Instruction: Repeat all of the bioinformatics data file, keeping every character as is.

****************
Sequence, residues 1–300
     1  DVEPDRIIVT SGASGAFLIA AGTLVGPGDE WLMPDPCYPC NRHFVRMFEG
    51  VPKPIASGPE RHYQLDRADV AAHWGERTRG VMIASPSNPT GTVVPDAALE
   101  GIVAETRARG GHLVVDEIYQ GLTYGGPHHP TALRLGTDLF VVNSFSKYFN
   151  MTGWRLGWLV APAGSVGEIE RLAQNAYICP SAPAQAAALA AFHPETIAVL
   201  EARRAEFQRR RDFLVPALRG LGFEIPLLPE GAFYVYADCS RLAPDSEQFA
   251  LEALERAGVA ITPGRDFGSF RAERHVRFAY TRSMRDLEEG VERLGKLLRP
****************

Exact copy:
Sequence, residues 1–300
     1  DVEPDRIIVT SGASGAFLIA AGTLVGPGDE WLMPDPCYPC NRHFVRMFEG
    51  VPKPIASGPE RHYQLDRADV AAHWGERTRG VMIASPSNPT GTVVPDAALE
   101  GIVAETRARG GHLVVDEIYQ GLTYGGPHHP TALRLGTDLF VVNSFSKYFN
   151  MTGWRLGWLV APAGSVGEIE RLAQNAYICP SAPAQAAALA AFHPETIAVL
   201  EARRAEFQRR RDFLVPALRG LGFEIPLLPE GAFYVYADCS RLAPDSEQFA
   251  LEALERAGVA ITPGRDFGSF RAERHVRFAY TRSMRDLEEG VERLGKLLRP